Are there ways your feminist studies coursework prepared you for what you’re doing now?

It gives me a better lens to understand what I’m witnessing, to help break it down and understand what structures are at play. For example, I used to work at a homeless shelter and I would get really upset about all the cameras in the rooms and the way we were handling all these policies in place. I felt my feminist studies helped me understand things like surveillance, how we control bodies, who is disproportionately represented in the shelter system and how invasion of other countries like Honduras and policies around not having documentation or good welfare all came into play with these services. I go a little crazy when I see all the awful stuff happening. And I bring that to my patients: What you’ve gone through in your journey to get to this abortion clinic is not normal. It’s not fair that you have to go through so much to get the funding to pay for this $15,000 procedure when you don’t have insurance. It’s not you or your moral failings. It’s our country’s policies of gender violence around folks who get pregnant. What you’re going through shouldn’t be normalized. I think my studies help me assess these situations. 

What were your favorite FMST class or classes?  

There was a summer session class, I think it was Critical Race and Queer Feminisms. I felt the specific lens we were using was close to me, as someone who identifies as queer and a person of color. And since gay marriage had become legal, I appreciated the discussions about what is marriage and the timeliness of the class. It was a more intimate class with fewer people since it was summer session.

What was the most important thing you learned as a Feminist Studies major?  

I’m drawn to science and healthcare, but in those classes I wasn’t really taught to own my voice or form my own opinions and analysis. When I started taking humanities and social science classes in my second/third year, it was like, Whoa, I have opinions. I can look at something and analyze it: this is suggestive of this, this is telling of this, these are contradictions. I built that skill with time by looking at case studies and dissecting articles. Now I take that tool into my day-to-day. Sometimes I think what I’m witnessing in my clinic could be a book. I step back and think, Wow, I’m witnessing this clinic and third trimester care with the fall of Roe. That’s huge. I should be taking notes for an ethnography. 

I would be really excited to read your reflections on that someday. Is there anything else you’d like to share with our Feminist Studies students?  

I’d say explore all kinds of jobs. Since I graduated I’ve had six different jobs. You can do so much with the major. Don’t let go of what you learned in college when you enter the non-profit system. Non-profits can be hard. It’s really important to take your convictions, your values and your feminism into your job. It’s so valuable; don’t let it go. You can be an advocate and make a difference in a lot of people’s lives if you hold onto that.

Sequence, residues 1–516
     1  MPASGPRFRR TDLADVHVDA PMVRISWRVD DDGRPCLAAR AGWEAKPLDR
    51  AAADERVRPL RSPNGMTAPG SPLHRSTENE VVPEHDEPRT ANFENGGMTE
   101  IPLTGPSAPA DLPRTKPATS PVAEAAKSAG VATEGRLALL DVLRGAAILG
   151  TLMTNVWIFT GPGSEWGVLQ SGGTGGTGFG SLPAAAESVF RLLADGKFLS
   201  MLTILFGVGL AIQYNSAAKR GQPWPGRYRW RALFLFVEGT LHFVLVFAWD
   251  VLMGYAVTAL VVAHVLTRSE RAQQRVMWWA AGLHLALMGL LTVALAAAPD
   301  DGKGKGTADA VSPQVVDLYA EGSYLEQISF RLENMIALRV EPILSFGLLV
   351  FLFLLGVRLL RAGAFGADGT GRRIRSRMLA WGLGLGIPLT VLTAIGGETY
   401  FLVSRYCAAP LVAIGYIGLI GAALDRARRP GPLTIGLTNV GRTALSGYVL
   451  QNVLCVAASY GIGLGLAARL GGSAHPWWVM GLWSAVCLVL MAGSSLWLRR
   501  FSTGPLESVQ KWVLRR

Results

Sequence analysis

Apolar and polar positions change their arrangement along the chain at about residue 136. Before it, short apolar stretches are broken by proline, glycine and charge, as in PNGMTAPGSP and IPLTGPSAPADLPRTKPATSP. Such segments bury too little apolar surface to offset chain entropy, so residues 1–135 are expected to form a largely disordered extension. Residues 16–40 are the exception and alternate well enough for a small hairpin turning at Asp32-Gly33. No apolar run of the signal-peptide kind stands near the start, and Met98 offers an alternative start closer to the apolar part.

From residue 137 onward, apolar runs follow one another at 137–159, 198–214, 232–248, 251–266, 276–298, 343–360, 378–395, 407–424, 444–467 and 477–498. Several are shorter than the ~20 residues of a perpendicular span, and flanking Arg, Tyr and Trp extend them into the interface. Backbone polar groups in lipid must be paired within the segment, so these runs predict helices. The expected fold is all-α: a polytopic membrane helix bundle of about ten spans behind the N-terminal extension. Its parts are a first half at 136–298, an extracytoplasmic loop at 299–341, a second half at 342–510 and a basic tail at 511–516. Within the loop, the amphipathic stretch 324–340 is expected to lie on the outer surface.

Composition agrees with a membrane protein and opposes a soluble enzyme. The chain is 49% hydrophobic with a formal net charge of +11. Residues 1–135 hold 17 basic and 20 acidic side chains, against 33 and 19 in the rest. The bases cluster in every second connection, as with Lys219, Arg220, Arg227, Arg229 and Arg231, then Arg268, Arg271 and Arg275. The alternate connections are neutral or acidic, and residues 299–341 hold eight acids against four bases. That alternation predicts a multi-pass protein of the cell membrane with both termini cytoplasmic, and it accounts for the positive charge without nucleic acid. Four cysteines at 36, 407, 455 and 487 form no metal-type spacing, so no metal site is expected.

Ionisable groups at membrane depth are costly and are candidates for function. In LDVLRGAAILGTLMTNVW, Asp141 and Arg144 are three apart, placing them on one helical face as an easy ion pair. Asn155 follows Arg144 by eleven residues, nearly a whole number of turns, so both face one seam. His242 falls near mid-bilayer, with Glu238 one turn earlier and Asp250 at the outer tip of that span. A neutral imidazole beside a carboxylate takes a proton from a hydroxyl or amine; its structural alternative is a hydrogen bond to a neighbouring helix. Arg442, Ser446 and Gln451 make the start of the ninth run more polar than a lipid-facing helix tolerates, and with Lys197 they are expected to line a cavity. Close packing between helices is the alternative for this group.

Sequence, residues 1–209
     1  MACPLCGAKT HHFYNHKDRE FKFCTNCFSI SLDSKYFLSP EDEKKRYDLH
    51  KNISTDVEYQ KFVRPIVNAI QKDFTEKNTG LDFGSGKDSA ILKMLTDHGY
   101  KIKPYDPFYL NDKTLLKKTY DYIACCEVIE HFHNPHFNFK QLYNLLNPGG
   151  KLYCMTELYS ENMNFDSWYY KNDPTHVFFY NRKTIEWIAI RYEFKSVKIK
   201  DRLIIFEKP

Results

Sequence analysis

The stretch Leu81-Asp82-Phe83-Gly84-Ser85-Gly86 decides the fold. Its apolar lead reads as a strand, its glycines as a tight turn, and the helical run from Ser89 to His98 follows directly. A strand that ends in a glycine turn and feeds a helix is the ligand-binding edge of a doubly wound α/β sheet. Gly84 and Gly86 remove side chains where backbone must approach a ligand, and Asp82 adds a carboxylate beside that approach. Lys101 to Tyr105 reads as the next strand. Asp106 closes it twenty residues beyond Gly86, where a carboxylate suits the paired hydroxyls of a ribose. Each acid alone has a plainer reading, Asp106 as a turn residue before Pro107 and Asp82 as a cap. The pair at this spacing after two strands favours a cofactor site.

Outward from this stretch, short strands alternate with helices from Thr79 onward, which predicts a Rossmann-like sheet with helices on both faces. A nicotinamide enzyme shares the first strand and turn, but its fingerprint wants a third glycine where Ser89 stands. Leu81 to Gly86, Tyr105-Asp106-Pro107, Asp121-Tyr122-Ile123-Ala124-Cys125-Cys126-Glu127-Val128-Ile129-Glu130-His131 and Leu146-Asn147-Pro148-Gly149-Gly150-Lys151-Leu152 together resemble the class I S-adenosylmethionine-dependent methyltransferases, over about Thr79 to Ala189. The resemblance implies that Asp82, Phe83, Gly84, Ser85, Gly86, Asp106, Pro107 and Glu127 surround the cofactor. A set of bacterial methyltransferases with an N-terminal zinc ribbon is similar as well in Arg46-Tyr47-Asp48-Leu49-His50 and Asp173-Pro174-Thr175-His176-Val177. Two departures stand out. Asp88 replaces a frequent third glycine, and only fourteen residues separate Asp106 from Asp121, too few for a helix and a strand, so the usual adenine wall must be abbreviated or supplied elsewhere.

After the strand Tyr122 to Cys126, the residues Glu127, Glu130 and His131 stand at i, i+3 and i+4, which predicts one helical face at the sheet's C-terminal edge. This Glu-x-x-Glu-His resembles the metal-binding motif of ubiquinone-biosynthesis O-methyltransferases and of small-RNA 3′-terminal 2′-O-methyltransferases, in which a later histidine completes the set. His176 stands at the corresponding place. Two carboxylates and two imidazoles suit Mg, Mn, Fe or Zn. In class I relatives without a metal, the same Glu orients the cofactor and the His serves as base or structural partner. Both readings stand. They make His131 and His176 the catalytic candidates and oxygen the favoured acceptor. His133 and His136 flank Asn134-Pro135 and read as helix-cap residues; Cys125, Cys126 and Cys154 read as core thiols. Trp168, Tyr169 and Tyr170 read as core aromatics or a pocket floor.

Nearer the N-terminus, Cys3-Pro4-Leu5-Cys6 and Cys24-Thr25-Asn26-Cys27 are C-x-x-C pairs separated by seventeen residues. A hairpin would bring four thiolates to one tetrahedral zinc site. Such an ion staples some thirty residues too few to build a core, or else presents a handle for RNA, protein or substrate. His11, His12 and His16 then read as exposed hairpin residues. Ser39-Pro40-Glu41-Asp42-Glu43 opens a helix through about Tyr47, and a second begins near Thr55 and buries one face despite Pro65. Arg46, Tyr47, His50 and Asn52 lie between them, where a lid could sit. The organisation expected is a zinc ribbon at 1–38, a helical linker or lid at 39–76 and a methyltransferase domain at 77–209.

Book Talk & Celebration – Communists in Closets: Queering the History, 1930s-1990s, by Distinguished Professor Emerita Bettina Aptheker – October 25, 6 pm PT at the UCSC Hay Barn

Join beloved FMST Professor Bettina Aptheker as she talks about her newest book, Communists in Closets, which explores the history of gay, lesbian, and non-heterosexual people in the U.S. Communist Party. Co-sponsored by Bookshop Santa Cruz, The Humanities Institute, and Feminist Studies. Free and open to all. 

Futures Lecture Series – Fall 2022  

The UCSC Center for South Asian Studies presents this year-long lecture series, curated by FMST Professor Anjali Arondekar. All lectures are virtual, from 12 noon to 2pm PT. Visit to learn more.  

  • September 30 – The People Revolt: Sri Lanka – Panelists: Farzana Haniffa, Professor, Sociology, University of Colombo; Swasthika Arulingam, human rights lawyer and women’s rights activist; Marisa De Silva, feminist activist and coordinator for the People’s alliance for Right to Land (PARL). Register here. 
  • October 28 – Who Governs in India’s Small Towns? Notes from Rajasthan’s Nagar Palikas – Professor Tariq Tachil, University of Pennsylvania. Register here. 
  • November 18 – Climate Ledgers: Atmospheric Politics, Risk and Liability in the Indian Ocean, 1770-1850– Professor Debjani Bhattarcharyya, University of Zurich. Register here. 

UCSC Global Learning Opportunities Fair – October 19, 10 am to 3pm in Quarry Plaza

Learn about opportunities for international study and talk with UCSC Study Abroad alums about their experiences. Meet the UCSC Global Learning team to get all your questions answered, including how financial aid applies to international programs. Sign up for event alerts here.